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This one I just used four and it’s totally fine. And you really don’t notice the paper clips unless you’re looking for them. If it bothers you that they look like paper clips, then just bend them into a different shape!

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To me it looks like a dew-covered spiderweb over a chain link fence and I like it a whole lot. The pictures don’t really do it justice, unfortunately.

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Estimated total cost of each chandelier: NINE DOLLARS (Basket: $3; 40ft Beaded String: $6; Spray Paint, Hot Glue, Paper Clips: on hand, and in minimal amounts).

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His & Hers Key Hooks

His & Hers Key Hooks

I love making useful things out of other things.  Especially when you can personalize it so you know that no one else has anything quite like it. This monogrammed key hook is a gift for a friend of mine.

The wood I found in the garage.  I needed to saw off the crooked end to make it straighter.  Little did I know that I am incapable of sawing things in a straight line.  So it’s just as crooked, but in the other direction.  But now it’s QUAINTLY crooked.  On PURPOSE.

His & Hers Key Hooks

The vintage-style brass initials, as well as the little crow with verdigris, I got from Dime Store Emporium’s Etsy shop.  What a neat place!

His & Hers Key Hooks

This aluminum plate I found on the street.  Conveniently it had been pre-weathered and pre-antiqued by the tires of passing cars.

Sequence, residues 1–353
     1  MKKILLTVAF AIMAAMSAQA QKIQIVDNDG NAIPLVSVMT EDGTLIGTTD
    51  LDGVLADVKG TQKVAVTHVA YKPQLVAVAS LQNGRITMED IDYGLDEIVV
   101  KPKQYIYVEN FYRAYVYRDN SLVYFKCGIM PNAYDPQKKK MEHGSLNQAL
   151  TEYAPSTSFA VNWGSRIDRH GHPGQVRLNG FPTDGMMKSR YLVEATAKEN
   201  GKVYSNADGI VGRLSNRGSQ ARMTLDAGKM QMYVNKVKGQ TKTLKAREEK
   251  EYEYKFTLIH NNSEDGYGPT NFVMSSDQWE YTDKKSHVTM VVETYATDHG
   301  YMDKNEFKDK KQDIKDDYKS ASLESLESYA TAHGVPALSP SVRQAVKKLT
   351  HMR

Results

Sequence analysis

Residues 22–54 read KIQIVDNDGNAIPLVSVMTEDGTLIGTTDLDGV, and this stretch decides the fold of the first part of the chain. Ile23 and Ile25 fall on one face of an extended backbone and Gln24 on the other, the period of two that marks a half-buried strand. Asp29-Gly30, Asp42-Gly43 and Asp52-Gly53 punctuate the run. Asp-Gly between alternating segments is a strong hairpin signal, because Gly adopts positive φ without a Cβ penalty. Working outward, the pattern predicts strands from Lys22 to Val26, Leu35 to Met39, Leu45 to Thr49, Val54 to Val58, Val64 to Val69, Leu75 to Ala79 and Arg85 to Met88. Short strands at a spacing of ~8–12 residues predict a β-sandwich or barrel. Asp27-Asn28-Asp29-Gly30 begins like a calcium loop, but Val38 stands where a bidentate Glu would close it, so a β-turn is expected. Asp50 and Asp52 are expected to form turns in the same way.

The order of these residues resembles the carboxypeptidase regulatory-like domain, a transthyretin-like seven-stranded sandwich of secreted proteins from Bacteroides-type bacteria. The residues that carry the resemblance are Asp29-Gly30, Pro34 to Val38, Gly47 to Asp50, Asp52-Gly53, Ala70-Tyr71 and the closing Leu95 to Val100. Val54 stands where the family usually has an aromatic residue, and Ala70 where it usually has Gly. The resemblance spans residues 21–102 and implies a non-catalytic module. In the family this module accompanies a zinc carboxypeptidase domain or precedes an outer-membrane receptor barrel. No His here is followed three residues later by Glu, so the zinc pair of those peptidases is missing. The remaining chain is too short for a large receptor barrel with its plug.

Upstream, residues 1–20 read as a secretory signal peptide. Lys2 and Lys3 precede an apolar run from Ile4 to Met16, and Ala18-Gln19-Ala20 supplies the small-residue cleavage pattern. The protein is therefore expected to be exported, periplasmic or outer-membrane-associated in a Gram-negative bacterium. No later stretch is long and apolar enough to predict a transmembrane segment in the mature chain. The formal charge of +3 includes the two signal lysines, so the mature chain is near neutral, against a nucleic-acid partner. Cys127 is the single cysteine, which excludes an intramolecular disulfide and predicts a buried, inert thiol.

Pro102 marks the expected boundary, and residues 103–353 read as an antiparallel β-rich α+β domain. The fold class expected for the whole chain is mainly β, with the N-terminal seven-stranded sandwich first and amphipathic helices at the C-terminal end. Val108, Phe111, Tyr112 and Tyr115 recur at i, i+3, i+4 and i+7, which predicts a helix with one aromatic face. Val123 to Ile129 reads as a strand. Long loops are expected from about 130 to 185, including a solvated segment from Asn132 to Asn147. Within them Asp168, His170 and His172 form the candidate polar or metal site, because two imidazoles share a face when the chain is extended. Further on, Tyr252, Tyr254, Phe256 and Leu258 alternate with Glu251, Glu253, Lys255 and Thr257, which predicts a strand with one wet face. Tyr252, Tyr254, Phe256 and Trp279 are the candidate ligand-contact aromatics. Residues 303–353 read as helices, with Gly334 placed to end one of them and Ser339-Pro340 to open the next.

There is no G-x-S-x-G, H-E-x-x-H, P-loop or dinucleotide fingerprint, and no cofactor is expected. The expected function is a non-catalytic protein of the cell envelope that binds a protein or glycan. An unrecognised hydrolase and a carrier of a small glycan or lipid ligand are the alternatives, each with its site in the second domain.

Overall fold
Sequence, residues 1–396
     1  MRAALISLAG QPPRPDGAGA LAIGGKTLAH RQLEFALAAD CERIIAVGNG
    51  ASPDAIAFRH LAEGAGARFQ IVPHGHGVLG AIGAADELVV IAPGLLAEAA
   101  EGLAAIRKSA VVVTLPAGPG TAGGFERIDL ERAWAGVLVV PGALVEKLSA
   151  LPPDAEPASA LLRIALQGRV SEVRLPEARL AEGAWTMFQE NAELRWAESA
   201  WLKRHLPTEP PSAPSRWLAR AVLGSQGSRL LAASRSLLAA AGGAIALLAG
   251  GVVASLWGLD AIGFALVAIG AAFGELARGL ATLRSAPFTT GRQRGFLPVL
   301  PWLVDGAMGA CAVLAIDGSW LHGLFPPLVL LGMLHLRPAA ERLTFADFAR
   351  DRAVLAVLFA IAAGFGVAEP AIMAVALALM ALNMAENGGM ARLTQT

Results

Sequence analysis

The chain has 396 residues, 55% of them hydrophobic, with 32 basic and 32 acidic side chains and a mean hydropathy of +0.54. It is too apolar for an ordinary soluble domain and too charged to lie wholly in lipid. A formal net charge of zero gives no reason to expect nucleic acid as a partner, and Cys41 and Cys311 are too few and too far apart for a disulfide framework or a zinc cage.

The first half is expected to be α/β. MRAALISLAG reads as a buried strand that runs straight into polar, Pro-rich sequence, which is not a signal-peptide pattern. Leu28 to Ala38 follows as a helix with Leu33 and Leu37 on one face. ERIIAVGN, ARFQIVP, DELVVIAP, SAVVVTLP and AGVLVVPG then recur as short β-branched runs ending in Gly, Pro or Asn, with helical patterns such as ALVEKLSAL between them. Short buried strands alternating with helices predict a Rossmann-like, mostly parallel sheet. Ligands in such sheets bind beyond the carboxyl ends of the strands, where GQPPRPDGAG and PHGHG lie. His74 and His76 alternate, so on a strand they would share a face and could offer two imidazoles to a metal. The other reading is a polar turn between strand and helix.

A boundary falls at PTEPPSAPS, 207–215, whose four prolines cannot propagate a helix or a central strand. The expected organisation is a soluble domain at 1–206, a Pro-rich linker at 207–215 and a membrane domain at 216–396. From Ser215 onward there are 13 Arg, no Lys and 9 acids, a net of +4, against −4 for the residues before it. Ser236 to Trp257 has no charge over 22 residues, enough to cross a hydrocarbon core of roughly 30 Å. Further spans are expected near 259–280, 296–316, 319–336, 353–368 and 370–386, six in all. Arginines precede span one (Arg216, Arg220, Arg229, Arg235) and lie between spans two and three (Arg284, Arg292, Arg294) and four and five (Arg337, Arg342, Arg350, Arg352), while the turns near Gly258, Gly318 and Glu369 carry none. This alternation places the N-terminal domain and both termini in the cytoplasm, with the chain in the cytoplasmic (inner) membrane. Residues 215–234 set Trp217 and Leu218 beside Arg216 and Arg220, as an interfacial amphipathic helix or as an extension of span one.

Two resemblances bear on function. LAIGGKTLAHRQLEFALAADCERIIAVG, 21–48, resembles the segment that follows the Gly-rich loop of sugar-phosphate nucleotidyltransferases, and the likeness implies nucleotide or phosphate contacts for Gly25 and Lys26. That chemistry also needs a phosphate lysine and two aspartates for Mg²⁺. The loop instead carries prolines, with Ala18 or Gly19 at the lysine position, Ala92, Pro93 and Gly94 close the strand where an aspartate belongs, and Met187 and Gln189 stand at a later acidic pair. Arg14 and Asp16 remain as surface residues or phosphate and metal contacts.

His & Hers Key Hooks

These hooks I got at Wal-Mart.  Not everything can have such glorious beginnings.

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Now you want to lay everything out beforehand, just to prove that you have a plan.  Having a plan is good when you don’t have any spare parts leftover if you should happen to mess it up.

His & Hers Key Hooks

After I’d cut the wood and sanded it baby-bottom smooth, I added hanging hardware, right off the bat.  I wanted to make sure that I wouldn’t damage or disturb any of the front stuff, which was why I did it first.

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Then I wanted to stain it.  I had the option of three colours of Distress Stain, and one of India ink.

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I thought I’d try the stains out first on another piece of wood, to see how they looked.  This was a good idea.  See?  I’m planning ahead again, not just winging it, which seems to lead to trouble sometimes.

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I ended up going with the blue stain, and just doing the face of the wood.  Let that dry.

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Then I used black acrylic paint around the edges.  Let that dry.

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Then I screwed on the hooks. I had to use my world’s oldest drill to get the holes started for me, though.

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But the screws went on and looked really good.

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Then it was a simple matter to whip out the glue gun and hot glue the metal pieces into place.

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And it turned out better than I thought it would, which is always a bonus.

His & Hers Key Hooks